General Rules while working
- Clear your path
- Keep feet apart for good balance
- Wear comfortable, cushioned non-slip shoes
- Protect yourself
Ask your chiropractor about these lifts
- The Tripod lift
- The Golfer’s Lift
- Kneel when working in a low position
- Straight leg lift: bend at hips NOT the back.
- Partial Squat lift
How to lift very heavy objects
- Push or pull (preferably push) rather than lift
- Team work
Team work for heavy loads:
- Size upi the load
- When 2 or more people carry a load, 1 should act as the leader. Be sure you can see where you are going
- You can push double the load you can pull.
More about carrying loads
- Support loads on your shoulder when carrying for long distances
- Allow for clearance when going through narrow doorways
- Pivot, don’t twist
Other NB tips:
- Carry most of the load to the front
- Pivot with your feet – don’t twist!
- Allow for clearance
- Twist while lifting
- Bend your back forwards whiole lifting
- Carry obejects in a bent over/ stooped position
Remember to alter stressful positions frequently!
Healthy living: This includes aspects such as eating nutritious foods (lots of fruits and vegetables) drinking at least 8 glasses of water per day, maintaining one’s optimal goal weight, getting rid of bad habits such as excessive alcohol and caffeine consumption and quitting smoking.
Stress management & Rest You work to live, you do not live to work. Make time for sporting activities, hobbies, leisure pursuits (such as movies or the theatre), holidays and sleep.
Office and Home Exercise Routines to reduce stress in Office workers:
The aim of this programme is to reduce muscle tension and stress in the neck, shoulders and back brought on by daily office routines. The Office routine is one you can do at work and the home routine, at home. A healthy lifestyle, exercise and good nutrition will all help in ensuring the success of this program.
SOME CONSIDERATIONS for the workplace:
- Sit with knees higher than hips
- Stand with knees bent or one foot up on an elevated object
- Wear low heels
- Wear nylon pantyhose with support if possible
- Bend legs when lifting objects
- Push/ Pull rather than lift
- Never lift more than a third of your body weight
- Carry objects close to the body
- Avoid overly tight waist bands
- Make sure sleeves and trousers are loose and comfortable
GENERAL RULES for exercise routines
- Assume each position slowly
- Hold each position for 15-30 seconds. DO NOT BOUNCE!
- You should feel tightness but NEVER PAIN.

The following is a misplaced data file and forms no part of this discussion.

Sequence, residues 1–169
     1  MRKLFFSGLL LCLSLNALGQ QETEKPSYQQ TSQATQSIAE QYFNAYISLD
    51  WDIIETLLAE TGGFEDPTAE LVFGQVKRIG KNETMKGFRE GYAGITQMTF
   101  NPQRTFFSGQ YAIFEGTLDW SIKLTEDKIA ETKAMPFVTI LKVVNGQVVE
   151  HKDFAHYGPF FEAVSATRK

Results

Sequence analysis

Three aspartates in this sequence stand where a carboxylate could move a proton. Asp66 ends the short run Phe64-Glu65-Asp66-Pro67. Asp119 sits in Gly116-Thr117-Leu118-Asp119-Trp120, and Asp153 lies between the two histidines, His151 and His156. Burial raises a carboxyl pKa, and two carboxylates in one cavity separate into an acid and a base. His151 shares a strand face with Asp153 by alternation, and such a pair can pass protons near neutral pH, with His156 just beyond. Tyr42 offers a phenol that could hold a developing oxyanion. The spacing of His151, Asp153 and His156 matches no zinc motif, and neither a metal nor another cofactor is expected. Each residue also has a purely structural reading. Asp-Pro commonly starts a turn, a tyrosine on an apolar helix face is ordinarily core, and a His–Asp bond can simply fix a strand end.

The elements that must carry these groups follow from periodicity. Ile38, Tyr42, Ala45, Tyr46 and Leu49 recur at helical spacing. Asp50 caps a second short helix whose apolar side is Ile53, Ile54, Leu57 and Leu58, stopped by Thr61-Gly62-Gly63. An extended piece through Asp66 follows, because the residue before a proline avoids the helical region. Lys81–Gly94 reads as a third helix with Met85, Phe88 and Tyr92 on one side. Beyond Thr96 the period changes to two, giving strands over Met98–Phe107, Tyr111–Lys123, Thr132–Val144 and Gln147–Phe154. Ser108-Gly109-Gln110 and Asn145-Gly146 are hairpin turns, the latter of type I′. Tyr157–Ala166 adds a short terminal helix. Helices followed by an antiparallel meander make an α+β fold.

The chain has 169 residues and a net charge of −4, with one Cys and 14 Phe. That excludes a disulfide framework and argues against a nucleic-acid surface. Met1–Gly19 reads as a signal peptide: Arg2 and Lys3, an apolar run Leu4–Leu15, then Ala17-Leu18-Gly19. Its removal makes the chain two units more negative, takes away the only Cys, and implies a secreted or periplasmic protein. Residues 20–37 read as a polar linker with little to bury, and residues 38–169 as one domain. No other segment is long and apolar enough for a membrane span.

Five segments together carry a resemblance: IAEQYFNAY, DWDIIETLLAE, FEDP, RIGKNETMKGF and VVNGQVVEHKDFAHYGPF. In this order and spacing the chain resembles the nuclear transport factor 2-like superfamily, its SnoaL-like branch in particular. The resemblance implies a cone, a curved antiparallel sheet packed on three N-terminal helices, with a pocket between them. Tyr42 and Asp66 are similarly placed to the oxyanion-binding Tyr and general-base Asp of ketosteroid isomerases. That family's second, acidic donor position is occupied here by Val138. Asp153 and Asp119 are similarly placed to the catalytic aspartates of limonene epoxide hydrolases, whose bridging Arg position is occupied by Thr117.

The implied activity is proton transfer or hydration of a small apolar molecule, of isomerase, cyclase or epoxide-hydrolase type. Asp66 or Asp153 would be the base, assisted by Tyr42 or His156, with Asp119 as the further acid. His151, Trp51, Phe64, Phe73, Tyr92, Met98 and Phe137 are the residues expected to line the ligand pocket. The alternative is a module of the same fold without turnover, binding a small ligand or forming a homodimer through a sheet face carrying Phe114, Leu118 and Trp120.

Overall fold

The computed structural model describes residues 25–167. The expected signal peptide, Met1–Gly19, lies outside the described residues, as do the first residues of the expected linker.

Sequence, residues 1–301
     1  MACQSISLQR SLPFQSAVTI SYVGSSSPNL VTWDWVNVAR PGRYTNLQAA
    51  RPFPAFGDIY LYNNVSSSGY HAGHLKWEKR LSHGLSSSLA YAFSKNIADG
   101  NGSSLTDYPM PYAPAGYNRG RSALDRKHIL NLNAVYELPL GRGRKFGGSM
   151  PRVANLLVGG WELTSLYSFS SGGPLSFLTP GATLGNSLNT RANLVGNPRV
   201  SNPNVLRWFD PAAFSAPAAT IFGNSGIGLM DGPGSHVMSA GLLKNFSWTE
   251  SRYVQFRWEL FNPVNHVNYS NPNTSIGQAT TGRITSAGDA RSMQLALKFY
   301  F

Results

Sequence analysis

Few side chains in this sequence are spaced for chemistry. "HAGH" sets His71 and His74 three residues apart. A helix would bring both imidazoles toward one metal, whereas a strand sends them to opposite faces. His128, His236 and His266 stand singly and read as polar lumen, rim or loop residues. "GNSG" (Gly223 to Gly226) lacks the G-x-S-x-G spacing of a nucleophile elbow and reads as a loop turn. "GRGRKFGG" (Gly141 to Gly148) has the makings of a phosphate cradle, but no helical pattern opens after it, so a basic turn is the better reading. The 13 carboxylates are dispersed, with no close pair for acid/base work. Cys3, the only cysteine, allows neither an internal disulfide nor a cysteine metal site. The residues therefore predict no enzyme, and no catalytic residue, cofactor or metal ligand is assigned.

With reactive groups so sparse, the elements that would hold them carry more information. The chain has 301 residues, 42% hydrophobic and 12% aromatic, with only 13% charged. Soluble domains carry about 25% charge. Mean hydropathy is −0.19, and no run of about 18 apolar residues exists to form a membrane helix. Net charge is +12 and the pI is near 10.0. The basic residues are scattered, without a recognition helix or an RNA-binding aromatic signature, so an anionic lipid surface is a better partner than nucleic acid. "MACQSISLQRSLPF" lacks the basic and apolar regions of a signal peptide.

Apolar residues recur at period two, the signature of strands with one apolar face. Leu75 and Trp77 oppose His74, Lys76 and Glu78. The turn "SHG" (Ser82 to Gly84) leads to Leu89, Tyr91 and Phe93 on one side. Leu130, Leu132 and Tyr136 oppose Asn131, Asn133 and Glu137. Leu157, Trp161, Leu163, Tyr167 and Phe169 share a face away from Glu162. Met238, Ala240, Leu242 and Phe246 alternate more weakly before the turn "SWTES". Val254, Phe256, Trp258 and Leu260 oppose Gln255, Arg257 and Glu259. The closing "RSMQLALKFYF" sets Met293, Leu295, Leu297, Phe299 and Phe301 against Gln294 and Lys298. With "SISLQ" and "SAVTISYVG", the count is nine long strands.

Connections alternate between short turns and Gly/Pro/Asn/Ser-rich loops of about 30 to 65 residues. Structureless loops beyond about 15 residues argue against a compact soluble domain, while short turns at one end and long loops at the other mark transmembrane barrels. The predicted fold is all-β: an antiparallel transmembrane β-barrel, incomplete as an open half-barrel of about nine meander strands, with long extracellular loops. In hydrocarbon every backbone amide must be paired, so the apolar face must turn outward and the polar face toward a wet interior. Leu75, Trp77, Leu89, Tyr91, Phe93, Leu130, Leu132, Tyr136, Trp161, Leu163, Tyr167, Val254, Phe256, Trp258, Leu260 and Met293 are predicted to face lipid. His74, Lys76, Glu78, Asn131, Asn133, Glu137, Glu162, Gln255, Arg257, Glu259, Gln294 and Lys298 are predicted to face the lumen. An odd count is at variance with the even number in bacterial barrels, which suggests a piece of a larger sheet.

- If you experience any pain – stop and check with your chiropractor.
- Repeat on both sides of the body, when appropriate.
- REMEMBER to breathe!
- Repeat each exercise 2-3 times
- Repeat entire set of exercises 2-3 times a day
- Take a brisk walk at lunch
- Try to never work in the same position for more than an hour without taking a small break.
All these exercizes can be done in a chair.
- With arms straight at sides, raise them forward and upward overhead, stretch and hold.
- With hands clasped behind neck (dotted position), pull elbows together and hold. Bring elbows back out to side and hold.
- Roll shoulders up, back, down, and forward in a circular motion.
- Bring right ear close to right shoulder, hold, repeat to other side.
- Holding the edge of the chair, lean toward opposite side, hold. Keel upper body straight.
- Grab chair with left hand and reach right arm over left hip. Lean to the left, hold. Repeat to the other side.
- From position shown with feet flat on floor, gently pull and hold.
- CORRECT WORKING POSITION: Do not sit with head, neck and shoulders forward.
click here for more
- Warm up muscles (eg brisk walk 10-20mins, stationery cycle 10-20min or soaking in a warm tub 20mins)
- Do stretches daily
- Use massage therapy to further reduce stress
- Get a regular sports massage from a trained professional
- At home, use a lanolin-based cream, aromatherapy-oil eg arnica as a lubricant to massage with
- Move hands over large area
- Consider using a friend or spouse to help you.
- Stroke with the grain of the muscle
- Use a light to medium stroke towards the heart, return stroke without pressure.
SOME CONSIDERATIONS for the home:
- Stand with knees bent or one up on a box, stool or foot rest.
- Sleep on side with a pillow between your knees
- If you sleep on your back, elevate your knees with a pillow underneath.
- Bend legs when lifting objects
- Push/ Pull rather than lift
- Never lift more than a third of your body weight
- Carry objects close to the body
Stroke from base of head outward towards the shoulder. Then from between the shoulder blades out towards the shoulders
Begin below hips and stroke back up to the shoulder blades.
Neck/ Cervical Spine
Stroke the muscles in the neck from the shoulders up to the base of the head
Apply gentle pressure from below the ear to the forehead along the hairline, with small, smooth circular motions
Possible causes of back problems